annulled only in the counter-gift. This characteristic of the gift as reversible
has to be recognized as different from any mode of contractual exchange
(Baudrillard, 1993a:135).

The ownership of things is temporary, lasting only until the point when they
must be returned. The sanctions for failing to observe ritual rules involve loss
of honour and authority and even in traditional Maori culture, death,
apparently self willed and brought about by feelings of sickness and disgrace
(Mauss, 1990:35-5; cited by Baudrillard, 1993a:134). The disgraced may die
and be brought back to life at a later date by the renewal of their inclusion in
the ceremonial expressions of their community. Death appears as a relation of
social exchange rather than a biological event in the life of an individual
because life and death are reversible (Mauss, 1990:38). 17

For Mauss, gift-exchange rises to another level when it takes on an


essentially competitive aspect. This kind of gift is found in the potlatch
practiced among the tribes of the American Northwest. The potlatch takes the
gift completely beyond the regime of functional economic exchange, taking on
an essentially destructive nature. During a potlatch, there is an orgy of giftgiving. The emphasis is on a display of luxury and excess. Being the recipient
of a potlatch demands that one reciprocates and holds an even more lavish
potlatch. Everything is based upon the principles of antagonism and rivalry.
The political status of individuals in the brotherhoods and clans, ranks of all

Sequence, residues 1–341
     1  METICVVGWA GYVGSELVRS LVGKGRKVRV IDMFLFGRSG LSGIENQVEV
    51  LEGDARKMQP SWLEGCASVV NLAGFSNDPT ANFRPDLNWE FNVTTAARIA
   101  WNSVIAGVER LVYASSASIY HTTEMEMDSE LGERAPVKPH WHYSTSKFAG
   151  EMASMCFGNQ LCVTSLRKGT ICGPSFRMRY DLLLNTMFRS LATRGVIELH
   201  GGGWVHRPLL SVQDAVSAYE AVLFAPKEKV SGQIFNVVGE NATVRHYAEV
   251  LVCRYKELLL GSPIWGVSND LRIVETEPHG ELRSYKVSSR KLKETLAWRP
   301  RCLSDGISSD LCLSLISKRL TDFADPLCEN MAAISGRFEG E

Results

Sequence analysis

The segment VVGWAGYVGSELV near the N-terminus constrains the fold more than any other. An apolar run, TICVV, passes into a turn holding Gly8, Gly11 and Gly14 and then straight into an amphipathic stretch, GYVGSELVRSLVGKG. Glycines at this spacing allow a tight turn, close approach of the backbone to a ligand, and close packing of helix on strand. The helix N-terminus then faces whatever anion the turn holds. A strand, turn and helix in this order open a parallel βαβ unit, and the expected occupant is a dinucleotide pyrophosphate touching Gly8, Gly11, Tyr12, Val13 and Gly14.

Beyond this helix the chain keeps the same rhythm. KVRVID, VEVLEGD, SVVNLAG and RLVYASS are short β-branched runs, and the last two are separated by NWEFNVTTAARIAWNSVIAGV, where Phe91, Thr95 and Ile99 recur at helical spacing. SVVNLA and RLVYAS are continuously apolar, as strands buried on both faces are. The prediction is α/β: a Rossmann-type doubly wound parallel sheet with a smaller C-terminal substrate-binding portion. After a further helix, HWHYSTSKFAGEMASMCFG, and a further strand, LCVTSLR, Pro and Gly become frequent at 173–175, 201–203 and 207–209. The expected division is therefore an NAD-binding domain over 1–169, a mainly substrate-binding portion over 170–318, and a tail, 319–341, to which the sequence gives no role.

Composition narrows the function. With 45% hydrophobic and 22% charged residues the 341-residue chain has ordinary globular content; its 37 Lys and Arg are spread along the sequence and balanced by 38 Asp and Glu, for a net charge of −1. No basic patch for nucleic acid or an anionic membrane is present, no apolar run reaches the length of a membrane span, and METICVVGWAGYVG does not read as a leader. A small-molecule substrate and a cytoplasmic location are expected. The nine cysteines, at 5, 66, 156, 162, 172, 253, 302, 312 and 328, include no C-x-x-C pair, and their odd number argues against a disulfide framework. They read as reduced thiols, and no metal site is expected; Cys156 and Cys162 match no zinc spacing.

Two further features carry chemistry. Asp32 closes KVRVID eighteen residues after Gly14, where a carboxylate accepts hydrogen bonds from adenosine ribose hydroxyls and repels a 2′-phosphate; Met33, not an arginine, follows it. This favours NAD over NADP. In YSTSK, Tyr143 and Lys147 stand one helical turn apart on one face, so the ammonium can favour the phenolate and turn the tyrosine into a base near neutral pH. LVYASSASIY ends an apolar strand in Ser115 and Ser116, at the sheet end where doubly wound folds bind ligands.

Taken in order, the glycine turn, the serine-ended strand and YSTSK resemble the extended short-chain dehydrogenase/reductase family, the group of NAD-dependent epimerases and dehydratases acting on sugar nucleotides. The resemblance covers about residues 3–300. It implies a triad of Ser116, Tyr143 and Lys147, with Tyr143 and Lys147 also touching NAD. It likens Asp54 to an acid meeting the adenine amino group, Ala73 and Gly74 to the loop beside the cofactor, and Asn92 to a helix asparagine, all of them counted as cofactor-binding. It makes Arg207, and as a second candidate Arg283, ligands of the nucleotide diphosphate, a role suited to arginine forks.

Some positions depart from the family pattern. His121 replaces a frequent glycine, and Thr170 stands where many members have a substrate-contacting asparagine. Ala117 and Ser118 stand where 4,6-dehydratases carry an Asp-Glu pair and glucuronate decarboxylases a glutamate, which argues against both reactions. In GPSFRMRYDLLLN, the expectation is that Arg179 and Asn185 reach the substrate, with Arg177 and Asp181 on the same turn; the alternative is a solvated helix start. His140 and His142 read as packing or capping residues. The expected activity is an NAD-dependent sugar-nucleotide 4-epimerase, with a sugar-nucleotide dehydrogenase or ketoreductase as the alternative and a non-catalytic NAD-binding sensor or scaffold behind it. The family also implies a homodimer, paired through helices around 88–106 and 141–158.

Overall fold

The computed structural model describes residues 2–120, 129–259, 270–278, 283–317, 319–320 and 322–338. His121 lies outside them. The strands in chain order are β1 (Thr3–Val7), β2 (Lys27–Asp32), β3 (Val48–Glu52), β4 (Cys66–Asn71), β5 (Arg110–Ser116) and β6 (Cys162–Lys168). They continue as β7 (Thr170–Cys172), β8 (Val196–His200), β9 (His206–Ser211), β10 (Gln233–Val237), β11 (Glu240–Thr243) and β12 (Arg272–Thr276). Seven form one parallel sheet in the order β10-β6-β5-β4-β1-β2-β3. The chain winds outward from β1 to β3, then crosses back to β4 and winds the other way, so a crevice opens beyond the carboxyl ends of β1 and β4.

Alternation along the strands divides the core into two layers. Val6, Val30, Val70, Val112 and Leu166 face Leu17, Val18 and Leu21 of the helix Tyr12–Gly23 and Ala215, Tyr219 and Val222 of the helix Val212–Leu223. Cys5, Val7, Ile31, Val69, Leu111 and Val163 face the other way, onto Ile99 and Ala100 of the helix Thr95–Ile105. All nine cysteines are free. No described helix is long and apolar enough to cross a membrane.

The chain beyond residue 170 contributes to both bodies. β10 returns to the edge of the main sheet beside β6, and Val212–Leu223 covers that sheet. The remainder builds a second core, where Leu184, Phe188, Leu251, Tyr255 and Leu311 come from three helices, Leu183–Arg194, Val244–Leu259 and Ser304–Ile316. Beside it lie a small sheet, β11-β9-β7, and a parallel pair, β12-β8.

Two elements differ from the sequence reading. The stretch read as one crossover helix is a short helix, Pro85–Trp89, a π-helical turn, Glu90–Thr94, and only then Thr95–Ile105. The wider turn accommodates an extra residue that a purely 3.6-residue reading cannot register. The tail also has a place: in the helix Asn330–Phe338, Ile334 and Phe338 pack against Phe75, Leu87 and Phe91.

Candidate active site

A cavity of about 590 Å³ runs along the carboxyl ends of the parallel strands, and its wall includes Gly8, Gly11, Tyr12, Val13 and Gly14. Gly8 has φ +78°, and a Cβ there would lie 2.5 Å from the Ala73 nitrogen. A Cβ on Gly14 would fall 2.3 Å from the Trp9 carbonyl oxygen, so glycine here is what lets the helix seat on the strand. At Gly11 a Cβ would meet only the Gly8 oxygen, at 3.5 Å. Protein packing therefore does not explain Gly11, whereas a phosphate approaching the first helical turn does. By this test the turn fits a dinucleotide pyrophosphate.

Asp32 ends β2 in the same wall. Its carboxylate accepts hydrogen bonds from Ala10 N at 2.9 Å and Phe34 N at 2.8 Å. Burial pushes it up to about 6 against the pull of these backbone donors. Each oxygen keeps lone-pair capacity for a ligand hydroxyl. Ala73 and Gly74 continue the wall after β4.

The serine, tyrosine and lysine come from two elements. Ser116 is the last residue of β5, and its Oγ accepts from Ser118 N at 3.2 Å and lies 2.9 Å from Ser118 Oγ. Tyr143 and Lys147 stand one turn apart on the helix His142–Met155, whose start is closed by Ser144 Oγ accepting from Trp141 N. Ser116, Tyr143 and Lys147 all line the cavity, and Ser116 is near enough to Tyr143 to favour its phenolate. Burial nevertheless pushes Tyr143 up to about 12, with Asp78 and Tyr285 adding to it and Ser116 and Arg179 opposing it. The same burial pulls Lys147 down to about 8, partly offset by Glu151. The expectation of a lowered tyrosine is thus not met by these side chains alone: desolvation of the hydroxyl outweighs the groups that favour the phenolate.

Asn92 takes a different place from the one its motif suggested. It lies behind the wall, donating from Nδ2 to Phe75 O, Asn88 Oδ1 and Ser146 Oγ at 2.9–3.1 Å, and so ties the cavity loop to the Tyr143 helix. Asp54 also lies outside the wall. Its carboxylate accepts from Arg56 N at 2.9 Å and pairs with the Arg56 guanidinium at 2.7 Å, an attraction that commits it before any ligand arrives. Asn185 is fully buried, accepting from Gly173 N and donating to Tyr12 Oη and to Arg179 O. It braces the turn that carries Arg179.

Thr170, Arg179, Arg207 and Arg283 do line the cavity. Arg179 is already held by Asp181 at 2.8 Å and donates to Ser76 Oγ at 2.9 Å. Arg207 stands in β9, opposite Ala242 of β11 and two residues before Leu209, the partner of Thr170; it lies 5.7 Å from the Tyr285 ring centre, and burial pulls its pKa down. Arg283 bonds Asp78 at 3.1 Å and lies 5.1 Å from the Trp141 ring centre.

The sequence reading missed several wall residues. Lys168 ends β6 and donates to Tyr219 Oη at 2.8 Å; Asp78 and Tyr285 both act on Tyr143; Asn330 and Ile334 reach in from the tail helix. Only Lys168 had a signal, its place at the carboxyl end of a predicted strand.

kinds, are gained in a 'war of property (Mauss, 1990:37). The givers of the
potlatch are urged to show a disdain for economic wealth. In extreme cases,

17

The reversibility of life and death is dealt with in the next section.

- 58 entire villages are left destitute by the ravages of potlatch. In the destruction
of wealth, then, the individual gains status, the recognition of superiority by
their contemporaries (ibid., 37).

Bataille found in the description of Mausss potlatch a fundamental challenge


to the necessity and role of rational capitalist economics.

He saw in the

potlatch the hint of his conception of the need to annihilate excess, rather than
the production, gathering and hoarding necessitated by conventional analyses
based on the assumption of scarcity. The entire classical conceptual structure
excludes an explanation for all human activities (such as extreme or violent
pleasure) that are motivated not by a desire to gain, but rather by a desire to
lose. As Bataille argues in considering the potlatch, we need to give away,
lose or destroy. But the gift would be senseless (and so we would never
decide to give) if it did not take on the meaning of an acquisition. Hence
giving must become acquiring of power. Gift-giving has the virtue of
surpassing the subject who gives, but in exchange for the object given, the
subject appropriates the surpassing: He enriches himself with a contempt for
riches' (Bataille, 1988:106).

Societies of the gift-economy are governed by the obligation to return the